A few weeks back, Mashable ran an article recapping a TEDTalk by MIT professor Sherry Turkle describing the erosion of social convention that social media and technology have provoked. I thought this was an interesting discussion to share on Twitter so I tweeted it with the headline, “Does social media make us less social?” The lone dissenting voice of Cammi Pham wrote me back, “no it doesn’t.” From the surprising number of “dislikes” of Dr. Terkel’s video on YouTube, it appears that many people agree with Cammi.
It’s very easy to accept an MIT professor’s words at face value, but something about Cammi’s assertion rang true for me as well. Her words made me contemplate the idea that sociability may not have the same meaning to a younger person than it does to someone who didn’t grow up immersed in these tools.
In Dr. Turkle’s speech she mentions that social media provides an “Illusion of companionship,” that it inhibits that “development of the self,” and promotes external validation of feelings. Many of the stories in the speech are anecdotal, but one presumes that there is sound research to substantiate many of her points (particularly with her book Alone Together published on the same topic).
As I listened to her talk. it seemed that some of her sensibility was (necessarily) rooted in the past. I don’t think this a bad thing, particularly for a social scientist. After all, social media is a fairly revolutionary development and there haven’t been widespread studies on its long-term effects. Her point of view comes from examining a new phenomenon with the data we have available., in other words her work is good science.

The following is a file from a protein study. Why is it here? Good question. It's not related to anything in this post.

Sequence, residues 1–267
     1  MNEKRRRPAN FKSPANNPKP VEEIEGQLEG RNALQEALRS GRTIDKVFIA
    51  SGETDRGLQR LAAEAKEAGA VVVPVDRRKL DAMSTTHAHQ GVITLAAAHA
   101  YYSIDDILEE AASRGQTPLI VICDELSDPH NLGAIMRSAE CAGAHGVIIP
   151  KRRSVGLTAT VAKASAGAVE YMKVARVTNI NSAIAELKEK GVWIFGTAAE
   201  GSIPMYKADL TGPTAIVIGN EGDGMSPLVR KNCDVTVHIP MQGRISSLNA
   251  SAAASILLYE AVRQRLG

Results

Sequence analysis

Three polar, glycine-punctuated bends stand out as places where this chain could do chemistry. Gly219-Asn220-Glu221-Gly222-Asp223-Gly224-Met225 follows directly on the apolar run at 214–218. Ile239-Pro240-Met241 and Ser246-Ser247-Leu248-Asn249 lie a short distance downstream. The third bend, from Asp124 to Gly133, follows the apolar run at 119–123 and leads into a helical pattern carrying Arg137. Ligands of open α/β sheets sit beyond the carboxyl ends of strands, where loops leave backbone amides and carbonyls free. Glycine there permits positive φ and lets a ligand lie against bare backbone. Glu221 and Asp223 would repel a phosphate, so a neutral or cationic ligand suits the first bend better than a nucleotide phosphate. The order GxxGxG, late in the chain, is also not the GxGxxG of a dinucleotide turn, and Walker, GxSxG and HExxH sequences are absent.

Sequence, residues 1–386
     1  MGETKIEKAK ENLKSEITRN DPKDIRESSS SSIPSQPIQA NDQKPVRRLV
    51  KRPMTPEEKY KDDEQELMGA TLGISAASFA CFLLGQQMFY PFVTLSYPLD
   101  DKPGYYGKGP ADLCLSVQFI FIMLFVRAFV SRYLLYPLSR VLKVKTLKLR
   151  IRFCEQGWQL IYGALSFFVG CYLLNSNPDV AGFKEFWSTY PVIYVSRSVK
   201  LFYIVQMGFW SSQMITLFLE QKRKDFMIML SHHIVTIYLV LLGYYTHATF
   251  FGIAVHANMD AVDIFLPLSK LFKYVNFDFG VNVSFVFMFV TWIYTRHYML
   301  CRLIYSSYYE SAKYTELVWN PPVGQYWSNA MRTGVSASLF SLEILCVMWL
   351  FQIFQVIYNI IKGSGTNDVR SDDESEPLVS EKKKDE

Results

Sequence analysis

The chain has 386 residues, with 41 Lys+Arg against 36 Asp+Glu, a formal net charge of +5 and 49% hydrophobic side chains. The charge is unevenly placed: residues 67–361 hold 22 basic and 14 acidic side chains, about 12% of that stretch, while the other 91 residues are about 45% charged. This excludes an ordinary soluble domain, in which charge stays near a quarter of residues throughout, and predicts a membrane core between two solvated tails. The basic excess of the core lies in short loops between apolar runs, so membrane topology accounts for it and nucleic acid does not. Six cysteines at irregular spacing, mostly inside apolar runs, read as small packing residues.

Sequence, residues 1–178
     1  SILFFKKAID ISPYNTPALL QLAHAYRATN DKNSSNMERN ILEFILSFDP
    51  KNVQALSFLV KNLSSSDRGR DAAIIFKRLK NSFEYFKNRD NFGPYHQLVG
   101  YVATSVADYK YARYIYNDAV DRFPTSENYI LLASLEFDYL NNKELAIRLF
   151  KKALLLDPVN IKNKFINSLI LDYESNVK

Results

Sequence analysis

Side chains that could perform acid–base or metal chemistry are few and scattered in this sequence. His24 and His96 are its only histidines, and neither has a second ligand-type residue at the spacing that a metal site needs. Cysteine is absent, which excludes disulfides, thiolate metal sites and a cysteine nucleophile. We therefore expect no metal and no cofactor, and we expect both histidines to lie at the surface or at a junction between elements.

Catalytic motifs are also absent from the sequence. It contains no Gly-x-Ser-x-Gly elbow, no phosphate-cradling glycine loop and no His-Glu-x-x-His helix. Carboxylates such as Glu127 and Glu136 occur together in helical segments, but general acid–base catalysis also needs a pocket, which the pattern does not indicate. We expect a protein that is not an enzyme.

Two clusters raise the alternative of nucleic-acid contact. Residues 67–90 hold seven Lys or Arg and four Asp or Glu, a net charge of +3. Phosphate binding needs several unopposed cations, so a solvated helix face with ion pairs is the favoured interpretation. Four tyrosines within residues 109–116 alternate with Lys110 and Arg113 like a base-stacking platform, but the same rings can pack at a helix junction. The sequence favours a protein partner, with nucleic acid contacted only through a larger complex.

Cammi’s viewpoint is representative of a generation that has seemingly always had social media. Posting and consuming content is second-nature to these “millenials”. Because of this, the context for their social interaction is different: possibly more succinct, less intimate, and more frequent. Despite some of the correlations that Dr. Turkle draws about social media consumption, I would postulate that there are some distinct advantages to maintaining a high number of these superficial relationships but it will be many years before we know. There may be other benefits to our hyper-connectiveness that we won’t understand for a long time as well.
I’m not a psychologist or a millenial, but when either of these discusses “sociability,” there is a good possibility that they are discussing two slightly different concepts. And while I don’t pass judgment on the merits of either, I think Cammi Pham’s sentiments reinforce the fact (as Dr. Terkel also admits in her talk) that social media tools are the new context for the majority of our social interactions. And as Dr. Terkel discusses at the end of her talk, our capability to maintain our traditional relationships depends upon the extent that we choose to deploy these new social tools into our lives.
(btw – If you are not connected to Cammi Pham on Twitter you are missing out!)